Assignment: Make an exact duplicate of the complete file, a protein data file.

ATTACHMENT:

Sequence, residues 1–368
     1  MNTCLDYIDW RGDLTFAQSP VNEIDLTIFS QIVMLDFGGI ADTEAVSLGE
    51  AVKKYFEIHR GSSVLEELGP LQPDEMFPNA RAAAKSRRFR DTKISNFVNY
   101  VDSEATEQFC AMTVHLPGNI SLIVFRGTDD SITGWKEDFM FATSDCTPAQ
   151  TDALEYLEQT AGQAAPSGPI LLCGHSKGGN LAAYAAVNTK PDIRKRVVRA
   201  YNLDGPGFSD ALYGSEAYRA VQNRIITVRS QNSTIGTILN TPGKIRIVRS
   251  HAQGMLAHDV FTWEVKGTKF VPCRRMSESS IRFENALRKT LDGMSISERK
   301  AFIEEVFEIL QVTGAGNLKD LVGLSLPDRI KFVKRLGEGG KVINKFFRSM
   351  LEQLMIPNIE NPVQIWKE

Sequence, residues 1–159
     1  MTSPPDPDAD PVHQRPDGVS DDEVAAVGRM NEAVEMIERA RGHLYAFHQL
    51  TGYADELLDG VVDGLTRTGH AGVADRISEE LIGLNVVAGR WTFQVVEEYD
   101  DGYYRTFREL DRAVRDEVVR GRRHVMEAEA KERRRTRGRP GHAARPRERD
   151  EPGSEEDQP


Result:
Sequence, residues 1–368
     1  MNTCLDYIDW RGDLTFAQSP VNEIDLTIFS QIVMLDFGGI ADTEAVSLGE
    51  AVKKYFEIHR GSSVLEELGP LQPDEMFPNA RAAAKSRRFR DTKISNFVNY
   101  VDSEATEQFC AMTVHLPGNI SLIVFRGTDD SITGWKEDFM FATSDCTPAQ
   151  TDALEYLEQT AGQAAPSGPI LLCGHSKGGN LAAYAAVNTK PDIRKRVVRA
   201  YNLDGPGFSD ALYGSEAYRA VQNRIITVRS QNSTIGTILN TPGKIRIVRS
   251  HAQGMLAHDV FTWEVKGTKF VPCRRMSESS IRFENALRKT LDGMSISERK
   301  AFIEEVFEIL QVTGAGNLKD LVGLSLPDRI KFVKRLGEGG KVINKFFRSM
   351  LEQLMIPNIE NPVQIWKE

Sequence, residues 1–159
     1  MTSPPDPDAD PVHQRPDGVS DDEVAAVGRM NEAVEMIERA RGHLYAFHQL
    51  TGYADELLDG VVDGLTRTGH AGVADRISEE LIGLNVVAGR WTFQVVEEYD
   101  DGYYRTFREL DRAVRDEVVR GRRHVMEAEA KERRRTRGRP GHAARPRERD
   151  EPGSEEDQP